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The C. A. R. Encampment.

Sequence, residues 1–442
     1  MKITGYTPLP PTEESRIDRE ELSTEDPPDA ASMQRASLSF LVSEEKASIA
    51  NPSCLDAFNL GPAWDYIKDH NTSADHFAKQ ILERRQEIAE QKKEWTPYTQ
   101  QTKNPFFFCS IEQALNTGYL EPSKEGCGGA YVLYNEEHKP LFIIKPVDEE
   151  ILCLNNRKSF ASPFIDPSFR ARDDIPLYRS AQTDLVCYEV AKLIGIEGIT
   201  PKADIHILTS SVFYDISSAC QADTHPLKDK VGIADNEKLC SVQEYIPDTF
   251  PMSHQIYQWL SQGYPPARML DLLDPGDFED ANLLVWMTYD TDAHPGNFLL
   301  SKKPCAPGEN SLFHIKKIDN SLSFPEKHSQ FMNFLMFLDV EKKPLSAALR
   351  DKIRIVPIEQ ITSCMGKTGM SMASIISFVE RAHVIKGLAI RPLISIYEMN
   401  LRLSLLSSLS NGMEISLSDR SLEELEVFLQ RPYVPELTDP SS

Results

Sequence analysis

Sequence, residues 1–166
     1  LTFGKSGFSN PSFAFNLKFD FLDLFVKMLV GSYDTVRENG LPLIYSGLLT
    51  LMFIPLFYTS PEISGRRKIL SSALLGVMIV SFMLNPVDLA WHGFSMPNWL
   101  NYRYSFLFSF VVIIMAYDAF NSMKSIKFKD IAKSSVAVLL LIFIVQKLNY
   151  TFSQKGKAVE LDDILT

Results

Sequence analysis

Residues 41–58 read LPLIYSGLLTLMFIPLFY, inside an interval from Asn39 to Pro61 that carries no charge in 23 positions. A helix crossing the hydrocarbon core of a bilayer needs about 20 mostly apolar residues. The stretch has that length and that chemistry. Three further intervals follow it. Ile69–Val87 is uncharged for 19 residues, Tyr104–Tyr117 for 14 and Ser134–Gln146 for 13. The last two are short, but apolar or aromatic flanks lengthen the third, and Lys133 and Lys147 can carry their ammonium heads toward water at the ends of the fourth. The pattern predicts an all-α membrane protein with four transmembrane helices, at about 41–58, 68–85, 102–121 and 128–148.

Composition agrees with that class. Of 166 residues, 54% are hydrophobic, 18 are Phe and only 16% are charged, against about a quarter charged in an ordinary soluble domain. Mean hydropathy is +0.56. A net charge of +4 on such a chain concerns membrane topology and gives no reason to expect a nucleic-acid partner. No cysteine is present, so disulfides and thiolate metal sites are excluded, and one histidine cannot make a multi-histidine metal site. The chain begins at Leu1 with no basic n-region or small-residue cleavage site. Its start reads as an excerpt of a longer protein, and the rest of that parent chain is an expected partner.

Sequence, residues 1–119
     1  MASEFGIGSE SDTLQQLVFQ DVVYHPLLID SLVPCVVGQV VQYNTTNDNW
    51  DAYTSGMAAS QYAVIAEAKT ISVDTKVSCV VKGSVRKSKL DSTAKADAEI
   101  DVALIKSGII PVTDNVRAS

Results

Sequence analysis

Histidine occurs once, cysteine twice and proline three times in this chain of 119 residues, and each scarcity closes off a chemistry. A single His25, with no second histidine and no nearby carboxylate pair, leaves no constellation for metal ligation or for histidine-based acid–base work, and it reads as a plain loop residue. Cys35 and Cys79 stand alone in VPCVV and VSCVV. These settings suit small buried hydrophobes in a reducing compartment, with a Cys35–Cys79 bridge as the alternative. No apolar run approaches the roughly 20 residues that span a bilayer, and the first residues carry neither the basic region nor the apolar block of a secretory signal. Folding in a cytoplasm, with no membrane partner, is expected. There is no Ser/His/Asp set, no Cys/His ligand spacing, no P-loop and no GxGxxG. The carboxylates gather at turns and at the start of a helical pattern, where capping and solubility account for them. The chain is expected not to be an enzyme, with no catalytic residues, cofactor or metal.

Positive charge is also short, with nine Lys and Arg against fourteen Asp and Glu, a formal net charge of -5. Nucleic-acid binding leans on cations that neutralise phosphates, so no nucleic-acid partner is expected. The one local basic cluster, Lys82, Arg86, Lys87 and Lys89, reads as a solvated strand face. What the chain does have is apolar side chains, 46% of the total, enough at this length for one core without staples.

Tbe little episode of a tew G. A. R. de partment commanders meeting at Chicaco a few days ago, and resolving to withdraw their departments from parade at Milwau kee during the national encampment, is looked upon by the rank and file of the or ganization as a very injudicious usurpa tion of authority. Department command ers like the presiding officers of all bodies of men, secret or otherwise, are ihe serv ant a of the body they represent, and it is ill-advised for them to attempt to manu facture a mountain out of a mole hill, as is being done in this controversy between the railroads and a few dead head cranks. Let the railroadB live and they will meet at least half way tho authorized represent atives of all societies and combinations. The national encampment will surely be a glorious success, and every department will be fully represented, notwithstanding the ill-advised kick against the railroads. A telegram hap been received from San Francisco announcing the death ol John Lee, a young Englishman who formerly resided in Topeka, Kansas. He was the son of a wealthy English brewer, who be queathed him $'J5,000 about four years ago. The entire amount waB quickly squandered, and Lee died in a hospital and was buried in a pauper's grave. She Performs Her Duty. No one ever complains to me of having a bad Cold or Cough, but what I recom mend Allen's Lung Balsam to them. So much has it dote for me. It is a true friend to all sufferers of the throat and lungs.—Mrs. E. Cottrei:. Jackson, Mich. "The race is not to him who doth the swift est run, Nor the battle to the man who 6hoots with the longest gun." "All the samce" a long gun does count, and "the tallest pole gets the persimmons." if you are not satisfied with yourcquipmcnt for the race for financial success, or position in the battle of life, take our advice and write to B. F. Johnson & Co., Richmond, Va., and our word for it they will show vou how to get a fresh 6tart, with the best possible chance oi winning some of the big prizes. The Dakota Newspaper Union, Aberdeen, S. Dak., has for Bale one of the best paying and most complete newspaper and print ing outfits in South Dakota. It is located in a town of 2,000 inhabitants in one of the most populous counties in the state, and does an annual business of $0,000. Write for particulars. When Baby «i rick, gave her Castor!*, When ah« waa a Child, ihe cried for Caatoria, Whea she became Miss, aha clung to Caatorta, When rhahad ChUdren,BhegaT*themCastorl^ Ask your druggist for "Xansill'sPunch.' JACOBS ©H F"or* Jilieiimntissiri.. N E W E I E N E O E Several Years. 2it North St. Paul street. Rochester, N. Y., June 24,1888. Suffered several years with rheumatism unatne to walk after rubbings with St. Jacobs Oil it dl» appeared has not returned in four yearB. CHAS. GANTHER. In the Knees. Rochester, N. V. July 6, '88. Had rheumatism in knees four we ke. One bottle c' St. Jacobs Oil cured me entirely. E. H. MARK, Pub, of "Volksblatt." In the Side. Stockton, Cal., June 14,1688. Had rheumatism in sido for over a week used St. Jacobs Oil It cured no and has remained cured. JULIUS GEDTKE, AT DRVOCISTS AND DKAI.KKS. THE CHARLES A. V0GELER CO.. Baltimore, Mi (WHITE BEAVEB.) NERVOUS jkUft DISEASES LA CROSSE, WIS. who have need Piso's Cure for Consumption pny it is BEST OF ALL. Sold everywhere. 25a SWiS ^ADFIELUS FEMALE. BAirecmcREGUtAIOR MENSTRUATION OK MONTHLY SICKNESS IF CURING CHANGE.: Of' IWC. JBODK TO'WOMAN "JMEOrHBf BRADEIELD REGULATOR CO. ATUWABA. amn tfYAtt fTgffffflfir*- DEATH IN THE WATER. Absolute Poison in Kearlj Every American Cltj aad Town-What Will be the Eenult Before tko End of Slimmer. UWWHAT did you find?" "Almost everything it was just reek ing with poison." The above remark was made by a promi nent scientist to the board of health officer st after examining a drop of Croton, New L'ork, water through the microscope. The water of nearly every city in America is filled with poison. It is caused by decaying matter and animal life. What is the result? A fear ful increase of sickness and death, both among children and grown people. The papers are filled with accounts ofit. Millions upon millions of germs of fever, cholera mor bus and contagion are in every swallow of water. IS But people say: "What can we do, stop drinking?" "No." "Resort to stimulants?" "No. Kill the germs in the water and before they can come into the Body. Three drops of Perry Da via' Pain-Killer poured in to a glass of water before drinking will kill the germs and make the most poisonous water pure and healthy. The best medical talent in the land have asserted this for years, and the experience of every man and woman who has tried it prove it." Travellers through the jungles of India drink the swamp water, even though it is filled with slime and covered with scum, but they invariably purify it by adding Pain Killer. Stanley, the African explorer, never undertakes a journey without a plentiful supply of "Bangilla," as the natives call Pain Killer. If this grand medicine is BO effective in regions where death lurks on every side, where it reeks in every pool, does it not stand to reason that we can safely meet the dangers of our own drinking water by its careful use? It is an absolute cure for cholera morbus in its worst forms, but how much better it is to Sy revont disease than to wait forits approach, keeping this remedy constantly on hand the dangers of the summer can be avoided and health positively preserved. FOUL PLAY. A Novel. BY CHARLES READE AND DION BOCCICABLT. CHAPTER IX—CONTINUED. This was followed by the earnest mutter" ingsoftwo voices. In vain did the listener send his very soul into his ear to hear, He could catch no single word. Yet he could tell, by the very tones of the speakers, that the dialogue was one of mystery and im portance. Here was a situation at once irritating and alarming but there was no help for it. The bprt thing, now, seemed to be to withdraw unobserved, and wait for another opportu nity. He did KO: and he had not long retired, when the mate came out staggering, and Hushed with liquor, and that was a thing that had never occurred before. He left the cabin door open, and went into his own Boom. Soon after sounds issued from the cabin peculiar sounds, something between grunting and snoring. Mr Hazel camo and entered the cabin. There he found the captain of the Troserpine in a position very unfavorable to longevity. His legs were crooked over the seat of his chair, and his head was on the ground. Hie handkerchief was tied around his neck, and the man himsell dead drunk, and purple in the face. Mr. Hazel instantly undid his stock, on which the gallant seaman muttered inarticu lately. He then took his feet off the chair and laid them on the ground, and put the empty bottle under the animal's neck. But he had no sooner done all this, tha he had a serious misgiving. Would not this man's death have been a blessing? Might not his life prove fatal? The thought infuriated him, and he gave the prostate figure a heavy kick that almost turned it over, and the words, "Duty to em ployers," gurgled out of its mouth directly. It really seemed as if these sounds were in dependent of the mind, and resided at the tip of Hudson's tongue: so that a thorough good kick could, at any time, shake them out of his inanimate body. I IUB do things ludicrous and things ter rible minsle in the real world only to those who are in the arena, theludicrous passes un noticed. being overshadowed by its terrible neighbor. And so it was with Hazel. He saw nothing absurd in all this and in that prostrate, in sensibb hog, comnianilinc the ship, forsooth, and carrying all their lives in his hands, he saw the mysterious and alarming only, saw them, so, and felt them, that he lay awake all night thinking what he should do, and early next day he went into tbe mate's cabin, and said to him: "Mr. Wylie, in any other ship 1 should speak to the captain, and not to the mate but here that would be no use, for you are the master, and he is your servant." "Don't tell him so, sir, for he doesn't think small beer of himself." "I shall waste no more words on him. It is to you I speak, and you know I speak the truth. Here is a ship in which for certain reasons known to yourself, the captain is under the mate." "Well, dr," said Wylie, good-humoredly, "it is no use trying to deceive a gentleman like you. Our skipper is anexcellentseaman, but lie has got a fault." 'Then Wylie imita ted, with his hand, the action of a person filling his glass. "And you are here to keep him sober, eh?" Wylie nodded. "Then why do you ply liimavith liquor?" "I don't sir." "You do. I have seen you do it a dozen times and last night you took rum into his room and made him so drunk, he would have died where he lay ill had not loosened his handkerchief." "I am sorry to hear that, sir but he was sober when I left him. The fool must have got to the bottle the moment I was gone." "But that bottle you put in bis way I saw you and what was your object? To deaden his conscience with liquor, his and your own, while you made him your fiendish proposal. Man, man, do you believe in God, and in a judgment to come for deedsdoneinthe body, that you can plan in cold blood to destroy a vessel with nineteen souls on board, be sides the live stock, the innocent animals that God pitied and spared when he raised his hand in wrath over Nineveh of old?" While the clergyman was speaking, with flashing eyes and eommandingvoice, the sea man turned ashy pale and drew his shoul ders together like a cat preparing to defend her life. "I plan to destroy a vessel sir! You never heard me say such a word and don't you hint such a thing in the ship, or you will get yourself into trouble." "That depends on you." "How BO, sir?" "I have long suspected you." "You need not tell me that' sir." "But I have not communicated my suspi cions. And now that they are certainties, I come first to you. Iv one word, will you forego your intention, since it is fofnd out?" "How can I forego what never was in my head?" said Wylie. "Caflt away the ship! Why, there's no land within two thousand miles. Founder a vessel in the Pacific! Do you think my life is not as sweet to me as yours is to you?" Wylie eyed him keenly to see the effect of these words, and, by a puzzled expression that came over his face, saw at once he had assumed a more exact knowledge tliaD he really possessed. Hazel replied that he had said nothing about foundering the sliip but there were many ways "of destroying one. "For in stance," said he, "I know how the Neptune was destroyed—and so doyou how the Rose and the Antelope were cast away—and so do you." At this enumeration, Wjrlie lost his color and self-possession for a moment he saw Hazel had been listening. Hazel followed up his blow. "Promise me now, by all you hold sacred, to forego this villany and 1 hold my tongue. Attempt to defy me, or to throw dust in my eyes, and I go instantly among the crew, and denounce both you and Hud son to them." "Good heavens!" cried Wylie, in unfeigned terror. "Why, the men would mutiny on the spot." "I can't help that," said Hazel, firmly and took a step toward the door. "Stop a bit," said the mate. "Don't bo in such a nation hurry: for, if you do. it will be bad for me, but worse for you." The above was said so gravely, and with such evident sincerity, that Mr. Hazel was struck and showed it. Wylie followed up that trifling advantage. "Sit down a minute, sir, if you please, and listen to me. You never saw a mutiny on board ship, I'll be bound. It is. a worse thing than any gale thp,t ever blew: begiusfair enough sometime*, but how does it end? In breaking into the spirit-room, and drinking to madness, plun dering the ship, ravishing the women, and cutting a throat or so for certain. You don't seem so fond of ijte picture as you was 0/ tbe idea. And then they might turn a deal ear to you after all. Ship is well found in all stores provisions served out freely men in good humor and I have got their ear. And noM I'll tell you why it won't suit your little gdfhe to blacken me to the crew, upon the pug chance of a mutiny." He paused for a moment, then resumed in a lower tone, and revealed himself the extraordinary man he wa£. "Ton see, sir," said he, "when a man ie very ready to suspect me, I always suspect him. Now you was uncommon ready to suspect me. You didn't wait till you came on board you began the game ashore. O, what, that makes you open one eye, does it? You thought I didn't know you again. Knew yon, my man, the moment you came aboard. 1 never forget a face and disguises don't pass on me." It was now Hazel's turn to look nnxious and discomposed. "So, then, the moment I saw you sus pected me 1 was down upon you. Well, you come aboard under false colors. We didn't want a chap like you in the ship but you would come. 'What is the bloke after?' says I, and watches. You was so intent suspect ing me of this, that and t'other, that you un guarded yourself, and that, is common too. I'm blowed if it isn't the lady you are after. With all my heart only she might do better, and I don't see how she could do worse, un less she went to Old Nick for a mate. Now I'll tell you That it is. my man. I've been in trouble myself, and don't want to be hard on a poor devil, just because he sails under an alias, and lies as near the wind as he can, to weather on the beaks and the bobbies. But one good turn deserves another: keep your dirty suspicions to yourself for if you dare to open your lips to the men, in five minutes, or less than that, you shall be in irons, and confined to your cabin and we'll put you ashore at the first port that flies the British flag, and hand you over -to the authorities, till one of her majesty's cruisers sends in a boat for you." At this threat Mr. Hazel hung his head in confusion and dismay. "Come, get out of my cabin, Parson Alias," shouted tho mate "and belay your foul tongue in this ship, and don't make an enemy of Joe Wylie, a man that will eat vou up else, and spit you out again,and nev er brag. Sheer off, 1 say, and be d—d to you." Mr. Hazel, with a pale face and sick heart, looked aghast at this dangerous man, who could b.e fox or tiger, as the occasion de manded. Surprised, alarmed, outwitted, and men aced. he retired with disordered countenance and uneven stops, and hid himself in his own cabin. The more he weighed the whole situation, the more clearly did he see that he was ut terly powerless in the hands of Wylie. A skipper is an emperor and Hudson had the power to iron him. and set him on shore at the nearest port. Tho right to do it was another matter but. even on that head Wyliecould furnish a plausible excuse for the net. Retribution, if it came at. all, would not be severe, and would be three or four years coming: and who fears it much, when it is so dilatory, and so weak, and so doubt ful into the bargain? He succumbed into silence for two days, and then, in spite of Wylie's threat, liemade one timid attempt to approach the subject with Welch and Cooper, but a sailor came up instantly, and sent them forward to reef topsails. And, whenever he tried to enter into conversation with the pair, some sailor or other was sure to come up and listen. Then he saw that hewas spotted or, as we sa.v nowadays, picketed. He was at his wits' end. He tried his last throw. Ho wrote a few lines to Miss Holleston, requesting an inter view. Aware of the difficulties ho had to encounter here, he stilled his heart by main force, and wrote in terms carefully measured. He begged her to believe ho had no design to intrude upon her, without absoluto necessity, and for her own good. Respect for her own wishes forbade this, and also his self-respect. "But," saiil he, "I have made a terrible discovery. The mato and the captain cer tainly intend to cast away this ship. No doubt they will try and not sacrifice their own lives and ours: but risk them they must, in the .very nature of things. Before trou bling you, I have tried all I could, in the way of persuasion and menace but am defeated. So now it rests with you. You, alone, can save us all. I will tell you how, if you will restrain your repugnance, and accord me a short interview. Need 1 say that no other subject shall be introduced by me? In Eng land, should we ever reach it, I may perhaps try to take measures to regain your good opinion but here, 1 am aware, that is im possible and I shall make no attempt in that direction, upon my honor." To this came a prompt and feminine reply: "The ship is bis. Tho captain and the mate are able men, appointed by him. Your suspicious of these poor men are calumnies, and of a piece with your other monstrous slanders. "I really must insist on your holding no further communications of any sort with one to whom your character is revealed and odious. "H. R." This letter benumbed his heart at first. A letter? It was a blow a blow from her he loved and she hated him. His long-suffering love gave wav at last. What folly and cruelty combined!" He could #0 longer make allowances for the spite of a roman whose lover had been traduced. Rage and despair seized him he bit his lils, nails, and tore his hair with fury and prayed Heaven to help him hate her as she deserved, "the blind, insolent idiot!" Yes, these bitter words actually came out of his mouth, in a torrent of fury. But to note down all he said in his rage, would be useless and might mislead, for this was agust offury and, while it lasted, tho long-suffering man was no longer himself. As a proof how little this state of mind was natural to him, it stirred up all thebilein hisbody, and brought on a severe attack of yellow jaundice, ac companied by the settled dejection that marks that disorder. Meantime the Proserpine glided on, with a fair wind, and a contented crew. She was well found in stores and they were served out ungrudgingly. Every face on board beamed with jollity, except poor Hazel's. He crept about, yellow as a guinea a very scarecrow. The surgeon, a humane man, urged him to drink sherry, v0 take strong exercise. But persons aulicted with that distressing malady are obstinately set against those things which tend to cure it thisis a feature of the disease. Mr. Hazel was no exception. And then his heart had received so many blows, it had no power left to resist the de pressing effect of bis disorder. He took no exercise he ate little food. He lay, listless and dejected, about the deck, and let disease do what it pleased with him. The surgeon shook his head, and told Hud eon tlio parson was booked. "And good riddance to bad rubbish!" was that worthy's gracious comment. The ship then encountered an adverse gale, and, for throe whole days, was under close reefed top sails she was always a wet ship under stress.of weather and she took in a good deal of water on this occasion. On the fourth day it fell calm, and Captain Hudson, having examined the well, and found three feet of water, ordered the men to the pumps. After woiking through one watch, the well was sounded again, and the water was so much reduced that the gangs were taken off! and the ship being now becalmed, and the weather lovely, the men were allowed to dance upon the deck to the boatswain's fid dle. While this pastime went on, the sun, large and red, reached the horizon, and diffused a roseate light over the entire ocean. Not one of the current descriptions of heaven approached the actual grandeur and beauty of the blue sky, flecked with ruby and gold, and its liquid mirror that lay below, calm, dimpled, and glorified by that trans lucent, rosy tint. While the eye was yet charmed with this enchanting bridal ot the sea and sky, and the ear amused with tho merry fiddle and the nimble feet, that tapped the sounding deck so deftly at every note, Cooper, who had been sounding the well, ran forward all of a sudden, and flung a thunderbolt in the midst: "A LEAK!" CHAPTER X. The fiddle ended in mid-tune, and the men crowded aft with anxious faces. The captain sounded the well, and found three and a halt feet of water in it. He or dered all honds to the Dumps. .v .1 VSSiki'. They turned to with a good heart, and pumped watch and watch, till daybreak. Their exertions counteracted the leak, but did no more the water in the well was nei ther more nor less, perceptibly. Tbis was a relief to their minds so far but the situation was a very serious one. Sup pose foul whether Bhould come, nnd the ves sel ^Bhip water from above as well! ^ow all those who were not on the pumps set to work to find out the leak and stop it if possible. With candles in their hands, they crept about the ribs of the ship, narrow ly inspecting every corner, and applyingtheir ears to every suspected place, if haply they might hear the water coming in. The place where Hazel had found Wylie at work was examined, along with the rest but neither there nor anywhere else could the leak be discovered, 'iet the water was still coming in. and required unremitting labor to keep it under. It was then suggested b,v Wylie, and the opinion gradually gained grouud, that some of the seams had opened in the lute gale, and were letting in the water bv small but numerous apertures. Faces began to look cloudy nnd Hazel, throwing off hiB lethargy, took his spell at the niain pump with the rest.. When his gang was relieved he went away, bathed in perspiration, and, leaning over the well, sounded it. While thus employed, the mate came be hind him, with his catlike step, and said, )'aee what has come or us with vour forbod mgs! It is the unluckiest thing'in the world to talk about losing a ship when Bhe is at sea." "You are a more dangerous man on board a ship than I am," was Hazel'B prompt re ply. The well now gave an increase of three inches. Mr. Hazel now showel excellent qualities, he worked like a horse and, finding the mato skulking, he reproached him before the men, and, stripping him naked to tho waist, in vited him to do a man's duty. The mate, thus chalenged, complied with a scowl. They labored for their lives, and thequan tity of water they discharged from the ship was astonishing: not .lees than a hundred and ten tons every Lour. They gained upon the leak—on ly two inches but. in the struggle for life this was an im mense victory. It was the turn of the tide. A slight breeze sprung up from the south west, and the captain ordered the men from the buckets to make all sail on tho ship, the pumps still going. When this was done, he altered the ship's course, and put her right before the wind, steering for the island of Juan Fernandez, distant eleven hundred miles, or thereabouts. Probably it was the best thing he could do, in that awful waBte of water. But its effect oil the seamen was bad. It was like giving ill. They got a little disheartened and flur ried and the cold, passionless water seized the advantage. It is possible, too, that the motion of the ship through the sea aided the leak. Tho Proserpine glided through the water all night, liko some terror-stricken creature, and the inccssant pumps seemed to be her poor heart, beating loud with breathless fear. At daybreak she had gone a hundred and twenty miles. But this was balanced by a Hew and alarming feature. The water from the pumps no longer came up pure, but mix ed with what appeured to bo blood. This got redder and redder, and struck terror Into tho more superstitious of the creur. Even Cooper, whose heart was stout, lean ed over tho liluwarks, and eyed the red stream, gushing into tho sea from the lee scuppers, nnd said aloud, "Ay, bleed to death, ye bitch. We slia'n't be long behind ye." Hazel inquired, and found the ship had a quantity of dye-wood amonst her cargo he told the men this, and tried to keep up their hearts by his words and his example. He succeeded with some but others shook their heads. And by and by, even while he was working double tides for them as well as for himself, ominous murmurs met his ear. "Parson aboard!" "Man aboard, with t'other world in his face!" And there were sinister glances to match. He told this, with some alarm, to Welch and Cooper. Thoy promised to stand by him and Welch told him it was all the mate's doings: he had gone amongst the men, and poisoned them. The wounded vessel, with her ever-beating heart, had run three hundred miles on the new track. She had almost ceased to bleed but what was as bad, or worse, small frag ments of her cargo and stores came up with the water, and their miscellaneous char acter showed how deeply tho sea had now penetrated. This, and their great fatigue, began to de moralize the sailors. The pumps and buckets wore still plied, but it was no longer with the uniform manner of brave and hopeful men. Some stuck doggedly to their work, but oth ers got flurried, and ran from one thing to another. Now and then a man would stop, and burst out crying then to work again in a desperate way. One or two lost heart al together, and had to be driven. Finally, one or two succumbed under the unremitting la bor. Despaircrept over others their features began to change, so much so that several countenances were hardly recognizable, and each, looking in the other's troubled face, saw his own fate pictured there. Six feet water in tho hold! The captain, who had been sober beyond his time, now got dead drunk. The mate took the command. On hear ing this, Welch and Cooper left the pumps. Wylie Ordered them back. They refused, and coolly lighted their pipes. A violent al tercation took place, which was brought to a close by Welch. "It is no use pumping the ship," said he. "She is doomed. Do ye think we are blind, my mate and me? You got the long-boat ready for yourself before ever the leak was sprung. Now get the cutter ready for my mate and me." At these simple words Wylie lost color, and walked aft without a word. Next day there were seven feet water in the hold and quantities of bread coming up through the pumps. Wylie ordered the men from the pumps to tho boats. The jolly boat was provisioned and lowered. Whileshe was towing astern, the cutter was prepared, and the ship left to fill. All this time Miss Rolleston had been kept in the dark, not aB to the danger, but as to its extent. Great was her surprise when Mr. Hazel entered her cabin, and cast an ineffa ble look of pity on her. "She looked up surprised and then angry. "How dare you?" she began. He waved his hand in a sorrowful but com mandingway, "O, this is no time for preju dice or temper. The ship is sinking we are going into the boats. Pray make prepara tions. Hero is a list I have written of the things you ought to take we may be \yeeks at sea in an open boat. Then seeing her dumbfoundered, hecaught up her carpet-bag, and threw her work-box into it for a beginning. He then laid hands upon some of her preserved meats and mar malade, and carried them off to his own cabin. His mind then flew back to his reading, and passed in rapid review all the wants that men had endured in open boats. He got hold of Welch, and told him to be Bure and see there was plenty of spare can vass on board, and sailing-needles, scissors, etc. also three bags of biscuit, and above all, a cask of water. He himself ran all about the ship, including the mate's cabin, in search of certain tools he thought would be wanted. Then to his own cabin, to fill his carpet bag. There was little time to spare the ship was low in the water, and the men her. He flung ened and locked for her use, flung on bie time opart) uib amp was r, and the men abandoning the things into his bag, faat 3 it, strapped up his blankets MB pea-jacket, and turned the handle of his door to run ont. The door did not openl He pushed it. It did not yield! He rushed at it. It was fasti He uttered a cry of rage, and flung himself at it. Horror! It was immovablel [TO BE CONTINUED] ... ftttfi Dervishes Routed. Central Grenfell engaged the dervishes near Toski on the 3d inst. and completely routed them. Wad-El Jumi, the dervish leader, was kilted. The dervish loss was 1,500 killed and wounded. Th-s Egyptian loss was Blight. Besides Wad-El-Jumi, the slain on the dervish side includes twelve emirs, and nearly all the lighting men. Fifty stan dards were captured by the Egyp tians. Gen. Greniell marched out of Toski at 5 o'clock thiB morning with a strong reconnoiterine force of cavalry and camelry, and advanced close to the dervish camp. Making a feint of retrent ing, he drew the whole ol AVad-El-Jumi's forces to a point within four miles of Tos ki. Here the Egyptian iniantry was held in readiness for an attack, pod a generitl action was at once Begun. The dervishes made a gallant defense, but were driven from hill to hill. The Egyptian cavalry made a succession of effective charges, in which Wad-El-Jumi and the emirs were illed. After seven hours of hard fight ing the dervishes were completely routed. Gunboats were following the scatter ed remnants of the dervish force along the river. Later particulars esti mate the dervish dead roughly at 1.500. The dervishes fought desperately, throw ing themselves upon the advancing col umns repeatedly and refusing quarter. The crisis of the battle wns readied when the dervishes attempted to turn the ex treme right of the Egyptians. The steadi ness of the troops was admirable. The cavalry here swept through the lines of the enomy, breaking them up. No prisoners are yet reported to have been taken. The cavalry pursued the retreating renels for miles. Gen. Grenfell ordered tbe gunboats to pick up fugitives and wounded. Riotous Strikers. About ."00 Italians employed by the I Pittsburg, I.akc Erie it Western railway on construction work m'nr Beaver, Pa., struck recently ior an increase uf wages, The refusal of a few track laborers to join the strikers caused several sinail riots dur- I ing the dav. Sup.. Holbrook telegraphed to the sheriff that serious trouble was an ticipated, as the Italians were drinking and becoming very disorderly, and to be prepared to suppress any outbreak. Late at night a telephone message from Beaver wns received, stating that a riot had oc curred, during which Antonio Costinello was killed, two Italians fatally injured, another shot in the lei, and several others were badly beaten. After the light nearly all of the strikers went up the railroad for the purpose of obstructing the tracks to prevent trains from running. A sheriffs posse was sent and another outbreak was looked for. c0NSUMPT' It has permanently cured THOUSANDS of cases pronounced by doctors hope less. If you have premonitory symp toms, such as Cough, Difficulty of Breathinjr, Ac., don't delay, but use PISO'S CURE FOR CONSUMPTION Immediately By Druggists. 25 cents. The only way to successfully master Shorthand is to place yourself under a first-class instructor. CURTISS COLLEGE employs none but the beet teachers. It stands at the head of all schools of business in the North* west. It has the best of everything nnd does tbe best work. Send for specialcircularofSborthand Department. Address MINNEAPOLIS, MINN. 1 1 CM4CTH Summer Weakness IB quickly overcome by the toning, reviving, and blood purifying qualities of Hood's Sarfluparllla. This popular medicine drives off that tired feel ing and rureB wick headache. dyopepRin, scrofula, and all humors. Thouuaudtj teHtify that Hood's SarBaparilla "inakoB the weak Htrong." "My health was poor, as MKS. 1 A. Cart* 5?STRONG POINTS^OF^SWIFT'S SPECIFIC. 1st. Itcarcs CONTAGIOUS BLOOD POISON hi all stages, and after all other rem® dies have failed. 2d. It cares CANCER OF THE SKIN. Ko other remedy has ever cared it. 3d. It cares HEREDITARY BLOOD TAINT even In the third generation. Noothct medicine or medical treatment has ever done it. 4th. It has never failed to eradicate SCROFULA from the system. 5th. It Is entirely vegetable—contains no poisons or minerals. Builds no the system from the first dose. We will mail our Treatise on Blood and Skin Diseases free. SWIFT SPECIFIC CO.. Drawer 3, Atlanta, Ga- JOSEPH H. HUNTER SOS had frequent Hick headaches, could not sleep well, did not have much appetite, and had no ambition to work, I have taken lest* than a bottle of ilood'H Sarsa purilla and feel like a new PITNON." MKH. W. A» Tt'HNKH, West Hanover. Mao*. "1 have been troubled for a number of years with a nick headache accompanied by vomiting BpellB. My nyntein wa« all out of order, and in addition to thin I contracted a severe cold, which caused a terrible cough. 1 took Hood's Sanm parilla, and it IIUM accomplished so much, thatl am certain of a speedy restoration to perfect I health. The headache has left me entirely, aud my system has come ton regular working order." I ,1. EIMMKHMANN, 009 ivaukee. Wis. lath St.. Mil- Hood's Sarsaparilla Sold by all druggists. $l sixfor$r. Prepared ouly byC.I. HOOD & CO., Apothecaries, Lowell. Mass. IOO Doses One Dollar ESTABLISHED 1879. WOODWARD & CO., 43 CORN KXCHANGE, A I I N N E A O I S |l|||l| 111 HltANCn OFFICES III II II at aud Members of the Chicago & Duluth Board of Trade —AND— MILWAUKEE CHAMBER OF COMMERCE. OPTION WSeiul for ORDERS SOLCITKP our TELEGRAPH CIPHER. PATENTSaHi WiAKE UJifVHtSITY. firent School of the West—Colleges. r:t Toachcrs. 740 snidcMi*. -Hi (irmhuitc*. Advantages .Superior. lOxpi'tiM'S low. Solid lor Circular. i. T. CAIfirKNTKK, CliunceUor. Johnstown Horror! Our new b'ck. The .Johnstown Horror or Vatl ieyoi'Deuth. the most thrilliug book ever issued. Ati KNTSWANTEI) ia every township. Torsi* 5(i iter cent. Uutlit :«u cents. National Publishing Co., £18 (/lark srtcet, Chicago, HI. say PIPO'BCure for Con ORATORS A SNAP! sumption is THE BEST Jor keeping the voice clear. '25 cents. A Ncwvpnj/er and IMating outfit in a town of 2,"Ui) inhabitants and doing un i.nnnal bmincF.s of $6,000! Tor tale at a luirgain. Apply to DAKOTA NKWJSI'AI'KR INIWN, Aberdeen, South Dakota. ST. PAUL SCHOOL FURNITURE CO., ST. PAUL, MINK. School Furniture School Supplies. Cor rosrondence solicited from district officer*, land those desirinc an acency. Aik for Cata* lotrue D. 1 prescribe and fall? dome BIk (3 aa tfc« only •pacific for the certain care of thifl dtMa»e. 12. H. INGRAH AM, M. DH urtf «al7brtt» Chiutalfe. Amsterdam, N. T. Wo hare sold Bit foi many yaare. and It has rlveo the beet ot ttUl faction. D. U. DYCHE ACO.. Chlcaro, III. Sl.OO* Bold tr DrtuflaUi Tha B7TXBB' ovnu (iiud Marofe tad fopt* rotf. Zllitttuy* |olop*dia of «ufal iafor* maiion for *11 who par* ohftso tho taxurlos or tho noooMitioo of life. Wo olotho you (aralib jo« with tfc* nooouorj ad uuoumry ftll •ppliinoii to rido, walk, donoo, sloop* oat, ft oh, hunt, work, go to ohuroh. or stif ot homo, ind la various liMft otyloo omd «uoatitioa. Just fliuro o\i who! It roquirod to do oil theso things CIMFOItTABLY, ,ou o.m ••timat* «f tk* Tilu cf tho Buiiill QUID*, whioh will bo last apa» VMaist af 10 aa»ta to p»7 yoatag* MONTGOMERY WARD A CO. lii-iu KiakioM A'QM. OUaaaa.Hk D. N. No 32. ATTORNEY, WASHINGTON. fx GET YOU* without DKLAY. TO MAKE -A- DdiaonBinft ivwMaaocaiNa NT BRAND SODISSILEIAm. a .A Jst I .,T aad M'-' I I